Ariadne's Tribe: Minoan Spirituality for the Modern World

Walk the sacred labyrinth with Ariadne, the Minotaur, the Great Mothers, Dionysus, and the rest of the Minoan family of deities. Ariadne's Tribe is an independent spiritual tradition that brings the deities of the ancient Minoans alive in the modern world. We're a revivalist tradition, not a reconstructionist one. We rely heavily on shared gnosis and the practical realities of Paganism in the modern world. Ariadne's thread reaches across the millennia to connect us with the divine. Will you follow where it leads?

Find out all about Ariadne's Tribe at We're an inclusive, welcoming tradition, open to all who share our love for the Minoan deities and respect for our fellow human beings.

  • Home
    Home This is where you can find all the blog posts throughout the site.
  • Tags
    Tags Displays a list of tags that have been used in the blog.
  • Bloggers
    Bloggers Search for your favorite blogger from this site.
  • Login
    Login Login form

It's the Wine Talking

Posted by on in Paths Blogs

There are two ritual activities we can be pretty sure the Minoans practiced: libations and divination.

We have lots of pictures of libations (poured offerings of liquids) in the frescoes, seals, and other art from ancient Crete. As for divination, besides the fact that pretty much every civilization has done its best to foresee the future, there are some interesting “floating organs” (hearts, livers, bones) on some of the seals that suggest the Minoans took part in the same kind of animal-organ auguries that many other ancient cultures used.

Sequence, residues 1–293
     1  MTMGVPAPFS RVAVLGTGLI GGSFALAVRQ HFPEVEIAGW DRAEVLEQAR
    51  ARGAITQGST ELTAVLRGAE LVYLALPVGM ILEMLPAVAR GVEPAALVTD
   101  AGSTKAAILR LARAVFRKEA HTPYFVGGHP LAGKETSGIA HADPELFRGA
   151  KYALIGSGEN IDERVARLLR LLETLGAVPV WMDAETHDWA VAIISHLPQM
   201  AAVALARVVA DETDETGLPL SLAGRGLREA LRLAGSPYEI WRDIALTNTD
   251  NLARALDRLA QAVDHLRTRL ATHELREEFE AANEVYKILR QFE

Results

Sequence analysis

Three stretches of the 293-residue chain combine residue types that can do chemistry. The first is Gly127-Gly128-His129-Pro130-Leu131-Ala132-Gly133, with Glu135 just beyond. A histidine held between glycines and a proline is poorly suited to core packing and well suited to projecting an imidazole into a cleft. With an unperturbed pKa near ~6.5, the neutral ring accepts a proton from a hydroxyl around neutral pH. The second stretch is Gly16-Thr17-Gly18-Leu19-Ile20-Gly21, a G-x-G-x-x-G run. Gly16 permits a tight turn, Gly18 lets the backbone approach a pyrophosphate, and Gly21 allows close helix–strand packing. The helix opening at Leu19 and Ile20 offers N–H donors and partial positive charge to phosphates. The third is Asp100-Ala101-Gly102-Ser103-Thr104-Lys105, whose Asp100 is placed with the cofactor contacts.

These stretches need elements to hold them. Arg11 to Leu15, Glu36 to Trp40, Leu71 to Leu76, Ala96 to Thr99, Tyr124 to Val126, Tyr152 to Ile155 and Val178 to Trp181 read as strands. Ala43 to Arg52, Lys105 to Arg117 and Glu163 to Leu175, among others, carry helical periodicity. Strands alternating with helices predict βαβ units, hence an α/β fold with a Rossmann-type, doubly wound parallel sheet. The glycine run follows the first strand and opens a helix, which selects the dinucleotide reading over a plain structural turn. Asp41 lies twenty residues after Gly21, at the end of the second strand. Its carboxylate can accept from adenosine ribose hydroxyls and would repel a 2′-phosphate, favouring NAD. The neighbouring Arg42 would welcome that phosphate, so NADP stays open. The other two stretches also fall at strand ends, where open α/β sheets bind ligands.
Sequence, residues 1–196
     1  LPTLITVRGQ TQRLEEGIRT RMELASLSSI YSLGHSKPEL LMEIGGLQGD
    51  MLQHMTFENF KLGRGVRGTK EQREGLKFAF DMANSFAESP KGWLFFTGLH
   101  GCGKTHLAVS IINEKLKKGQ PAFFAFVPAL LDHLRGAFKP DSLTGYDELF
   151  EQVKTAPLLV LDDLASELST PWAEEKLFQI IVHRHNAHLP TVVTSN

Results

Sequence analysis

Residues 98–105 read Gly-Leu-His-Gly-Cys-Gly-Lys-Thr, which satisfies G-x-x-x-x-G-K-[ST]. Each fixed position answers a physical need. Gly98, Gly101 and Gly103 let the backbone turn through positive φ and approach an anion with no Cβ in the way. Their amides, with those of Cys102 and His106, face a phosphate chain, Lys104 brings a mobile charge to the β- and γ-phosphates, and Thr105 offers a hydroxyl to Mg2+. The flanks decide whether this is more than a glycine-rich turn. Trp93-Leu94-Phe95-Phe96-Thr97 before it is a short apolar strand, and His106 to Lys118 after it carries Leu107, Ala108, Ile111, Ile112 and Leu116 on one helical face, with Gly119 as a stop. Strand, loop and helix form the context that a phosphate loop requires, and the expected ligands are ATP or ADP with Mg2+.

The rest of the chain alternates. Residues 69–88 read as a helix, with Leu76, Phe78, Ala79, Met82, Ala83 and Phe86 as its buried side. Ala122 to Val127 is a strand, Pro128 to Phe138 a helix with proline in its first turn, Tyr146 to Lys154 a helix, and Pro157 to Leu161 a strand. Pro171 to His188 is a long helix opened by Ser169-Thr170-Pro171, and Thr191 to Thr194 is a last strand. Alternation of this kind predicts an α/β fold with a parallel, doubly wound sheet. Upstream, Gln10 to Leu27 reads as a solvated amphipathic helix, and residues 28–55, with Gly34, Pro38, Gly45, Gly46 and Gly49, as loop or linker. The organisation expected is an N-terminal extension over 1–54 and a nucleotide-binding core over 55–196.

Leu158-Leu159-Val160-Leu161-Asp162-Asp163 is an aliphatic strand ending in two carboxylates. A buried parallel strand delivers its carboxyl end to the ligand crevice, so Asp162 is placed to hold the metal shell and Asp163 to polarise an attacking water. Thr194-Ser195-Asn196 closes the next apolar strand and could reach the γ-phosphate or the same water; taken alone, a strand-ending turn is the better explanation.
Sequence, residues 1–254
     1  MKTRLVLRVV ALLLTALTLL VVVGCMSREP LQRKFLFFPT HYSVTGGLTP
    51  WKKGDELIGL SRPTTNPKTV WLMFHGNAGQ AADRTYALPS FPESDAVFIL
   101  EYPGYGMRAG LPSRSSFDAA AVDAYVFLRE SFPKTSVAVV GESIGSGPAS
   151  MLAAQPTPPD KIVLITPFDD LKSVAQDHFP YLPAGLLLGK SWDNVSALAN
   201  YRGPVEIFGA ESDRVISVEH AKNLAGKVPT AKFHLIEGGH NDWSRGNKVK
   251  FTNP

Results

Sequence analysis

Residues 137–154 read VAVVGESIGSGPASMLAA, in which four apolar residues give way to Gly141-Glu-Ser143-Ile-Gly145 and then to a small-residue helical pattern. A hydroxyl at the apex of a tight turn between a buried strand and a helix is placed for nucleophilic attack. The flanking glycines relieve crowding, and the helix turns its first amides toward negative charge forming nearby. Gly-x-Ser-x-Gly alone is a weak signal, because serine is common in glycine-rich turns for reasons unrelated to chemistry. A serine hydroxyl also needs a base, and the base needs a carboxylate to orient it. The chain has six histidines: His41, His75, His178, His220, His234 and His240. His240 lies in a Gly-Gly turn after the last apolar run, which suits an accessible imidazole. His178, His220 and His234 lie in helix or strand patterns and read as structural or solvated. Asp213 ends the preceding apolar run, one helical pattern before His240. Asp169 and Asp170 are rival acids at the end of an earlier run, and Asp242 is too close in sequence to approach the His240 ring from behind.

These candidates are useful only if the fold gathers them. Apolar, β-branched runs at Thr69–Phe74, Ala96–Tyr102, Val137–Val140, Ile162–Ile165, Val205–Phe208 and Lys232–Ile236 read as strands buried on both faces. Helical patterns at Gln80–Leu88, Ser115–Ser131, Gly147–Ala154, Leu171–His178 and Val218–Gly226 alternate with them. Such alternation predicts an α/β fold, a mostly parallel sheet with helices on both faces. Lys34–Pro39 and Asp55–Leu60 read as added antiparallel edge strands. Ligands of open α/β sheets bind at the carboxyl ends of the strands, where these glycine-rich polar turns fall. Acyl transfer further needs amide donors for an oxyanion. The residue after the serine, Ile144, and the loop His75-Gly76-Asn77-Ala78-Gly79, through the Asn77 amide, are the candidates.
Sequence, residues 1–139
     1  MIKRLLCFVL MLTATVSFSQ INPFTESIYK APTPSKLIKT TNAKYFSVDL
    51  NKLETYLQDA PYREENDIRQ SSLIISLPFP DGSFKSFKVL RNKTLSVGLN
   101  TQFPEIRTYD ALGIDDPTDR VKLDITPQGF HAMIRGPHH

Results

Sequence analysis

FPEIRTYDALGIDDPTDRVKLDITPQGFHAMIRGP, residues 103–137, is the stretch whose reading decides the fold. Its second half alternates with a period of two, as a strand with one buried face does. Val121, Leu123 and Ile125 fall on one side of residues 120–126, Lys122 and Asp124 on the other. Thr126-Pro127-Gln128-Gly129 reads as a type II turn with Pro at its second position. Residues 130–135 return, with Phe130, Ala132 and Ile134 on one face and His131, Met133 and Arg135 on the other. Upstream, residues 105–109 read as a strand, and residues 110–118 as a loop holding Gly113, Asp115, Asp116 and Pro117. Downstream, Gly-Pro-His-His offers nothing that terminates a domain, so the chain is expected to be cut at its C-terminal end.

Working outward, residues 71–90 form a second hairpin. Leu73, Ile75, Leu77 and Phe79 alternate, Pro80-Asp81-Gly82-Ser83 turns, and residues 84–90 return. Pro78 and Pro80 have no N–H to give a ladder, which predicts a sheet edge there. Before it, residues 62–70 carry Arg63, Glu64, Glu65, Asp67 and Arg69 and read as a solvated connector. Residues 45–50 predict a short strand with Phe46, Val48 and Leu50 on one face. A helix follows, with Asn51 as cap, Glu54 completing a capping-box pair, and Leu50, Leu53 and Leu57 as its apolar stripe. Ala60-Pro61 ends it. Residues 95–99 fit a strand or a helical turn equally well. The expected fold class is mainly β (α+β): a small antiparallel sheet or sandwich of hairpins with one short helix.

I’m not here to tell you how to check your horoscope in animal guts. Instead, I’d like to talk about wine.

You probably know about Dionysus – the Ecstasy God extraordinaire. But he’s not just about having a good time. He’s a sacrificial, or dying-and-reborn god, the God of the Vine from Minoan Crete. That’s vine as in grapes and, after a good ferment, wine.

Because of his dying-and-reborn status, he has access to the Underworld and sometimes acts as a psychopomp. But what’s more important is that he knows stuff you and I don’t. And under the right circumstances, he’ll share.

The right circumstances usually involve wine.